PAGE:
Response
Hon. Keith Ashfield (Minister of National Revenue, Minister of the Atlantic Canada Opportunities Agency and Minister for the Atlantic Gateway, CPC):
Mr. Speaker, with respect to the above-noted question, what follows is the response from the Canada Revenue Agency, CRA.
The Canada Revenue Agency, CRA, is unable to provide a detailed response to the question, as the CRA does not capture the information in the manner requested. While the CRA does track specific non-compliance, any given audit project may have links to more than one country; therefore, information is not tracked by country.

Question No. 927--
Hon. Navdeep Bains:
With regard to funds spent by Elections Canada: (a) how much has Elections Canada spent on legal counsel and legal advice since 2005; (b) how much of this spending was to address issues with regard to the Conservative Party of Canada; and (c) how many legal proceedings does Elections Canada have ongoing at this time?
Response
Hon. John Baird (Leader of the Government in the House of Commons, CPC):
Mr. Speaker, with regard to funds spent by Elections Canada, here are the responses.
With regard to part (a), during the period April 1, 2005 to January 31, 2011, Elections Canada spent approximately $3,028,486 on legal counsel and legal advice.
Of this amount, the office of the Commissioner of Canada Elections spent approximately $1,618,999 on legal counsel and legal advice for the enforcement of the Canada Elections Act, and approximately $1,409,487 was spent on legal counsel and legal advice for purposes other than enforcement of the Canada Elections Act.
Expenses incurred for legal services are of two general types: advisory services and litigation. Advisory services may include expenses related to opinions on specific subjects, review of documents or contracts, as well as the services of the broadcasting arbitrator.
Litigation services cover the gamut of cases in which the office of the Chief Electoral Officer may be involved, from electors who sue Elections Canada because they slipped while getting to the polling site to human rights cases, as well as others related to the interpretation of the Canada Elections Act.
With regard to part (b), of the amount shown in (a), approximately $1,255,561 was spent to address issues with regard to the Conservative Party of Canada.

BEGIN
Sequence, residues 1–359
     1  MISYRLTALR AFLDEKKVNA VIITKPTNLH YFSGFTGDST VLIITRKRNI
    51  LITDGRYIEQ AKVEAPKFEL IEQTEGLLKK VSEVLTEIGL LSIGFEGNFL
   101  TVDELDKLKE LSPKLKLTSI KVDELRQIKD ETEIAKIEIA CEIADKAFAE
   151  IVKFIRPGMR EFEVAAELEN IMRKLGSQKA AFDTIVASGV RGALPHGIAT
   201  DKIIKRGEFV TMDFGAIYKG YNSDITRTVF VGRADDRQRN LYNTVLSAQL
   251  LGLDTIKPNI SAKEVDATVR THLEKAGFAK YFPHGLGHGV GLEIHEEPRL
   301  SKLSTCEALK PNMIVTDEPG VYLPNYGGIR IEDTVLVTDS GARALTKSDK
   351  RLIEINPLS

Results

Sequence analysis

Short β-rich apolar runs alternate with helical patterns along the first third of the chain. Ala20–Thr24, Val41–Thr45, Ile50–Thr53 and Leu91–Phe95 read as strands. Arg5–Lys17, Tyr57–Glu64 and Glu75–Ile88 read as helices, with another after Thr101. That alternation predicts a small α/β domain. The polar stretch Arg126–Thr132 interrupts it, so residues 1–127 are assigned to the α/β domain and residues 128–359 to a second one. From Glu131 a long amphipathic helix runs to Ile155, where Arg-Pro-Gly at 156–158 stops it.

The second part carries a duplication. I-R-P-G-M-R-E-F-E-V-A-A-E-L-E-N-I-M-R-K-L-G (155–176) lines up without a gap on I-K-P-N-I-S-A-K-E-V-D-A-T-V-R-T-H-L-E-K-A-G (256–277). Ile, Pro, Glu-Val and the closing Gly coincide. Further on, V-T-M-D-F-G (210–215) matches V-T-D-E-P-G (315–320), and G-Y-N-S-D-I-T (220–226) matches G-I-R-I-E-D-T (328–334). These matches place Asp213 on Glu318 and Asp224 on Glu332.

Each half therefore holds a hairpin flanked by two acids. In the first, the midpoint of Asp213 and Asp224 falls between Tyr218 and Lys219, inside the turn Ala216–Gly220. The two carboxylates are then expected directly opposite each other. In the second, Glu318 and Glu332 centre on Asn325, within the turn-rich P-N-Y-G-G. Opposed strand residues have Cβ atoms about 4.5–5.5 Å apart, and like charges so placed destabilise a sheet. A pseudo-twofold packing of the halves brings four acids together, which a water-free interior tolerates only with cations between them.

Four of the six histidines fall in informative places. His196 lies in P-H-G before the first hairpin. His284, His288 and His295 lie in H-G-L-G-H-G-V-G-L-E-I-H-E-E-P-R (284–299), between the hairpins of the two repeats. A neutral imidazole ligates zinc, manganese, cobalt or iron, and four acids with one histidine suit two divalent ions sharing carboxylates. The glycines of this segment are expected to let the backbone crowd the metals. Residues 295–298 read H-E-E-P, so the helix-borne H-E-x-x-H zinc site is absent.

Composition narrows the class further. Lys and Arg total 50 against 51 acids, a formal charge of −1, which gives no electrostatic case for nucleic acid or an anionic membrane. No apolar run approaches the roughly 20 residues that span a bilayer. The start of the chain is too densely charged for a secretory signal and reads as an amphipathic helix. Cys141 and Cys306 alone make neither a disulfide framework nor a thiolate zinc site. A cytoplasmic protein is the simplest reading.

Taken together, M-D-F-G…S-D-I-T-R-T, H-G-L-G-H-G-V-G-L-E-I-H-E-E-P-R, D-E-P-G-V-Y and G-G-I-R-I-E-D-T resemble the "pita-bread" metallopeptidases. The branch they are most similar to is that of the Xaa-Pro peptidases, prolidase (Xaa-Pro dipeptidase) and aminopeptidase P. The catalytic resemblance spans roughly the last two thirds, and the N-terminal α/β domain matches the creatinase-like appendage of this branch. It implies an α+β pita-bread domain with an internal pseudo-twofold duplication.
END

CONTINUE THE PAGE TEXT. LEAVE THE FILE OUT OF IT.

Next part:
With regard to part (c), there are currently 10 legal proceedings in which the office of the Chief Electoral Officer is involved in civil courts. This excludes routine applications to the courts for extensions of time to file returns. Note that an application has recently been filed in the Quebec Superior Court to join four of these legal proceedings in one. Should this application be successful, the number of civil proceedings will be reduced to seven.
One prosecution is ongoing at this time.

Question No. 928--
Mr. Claude Gravelle:
With respect to FedNor: (a) how many new programs will be introduced for the Northern Ontario region in the fiscal year 2011-2012; (b) how many programs will sunset on March 31, 2011; and (c) how many major projects will be launched in 2011-2012 in cooperation with each municipality and local community?
Response
Hon. Tony Clement (Minister of Industry, CPC):
Mr. Speaker, with respect to FedNor, here are the responses to the above-mentioned question.
With regard to part (a), the number of new programs that will be introduced for the northern Ontario region in the fiscal year 2011–12 is unknown at this time. In 2011–12, FedNor will continue to support economic development and business growth in northern Ontario through its northern Ontario development program, the community futures program and the economic development initiative for official language minority communities.
With regard to part (b), the community adjustment fund was one of the initiatives introduced in 2009 as part of the Government of Canada’s two-year economic action plan. FedNor was asked to administer this fund in Northern Ontario. This initiative is scheduled to sunset on March 31, 2011.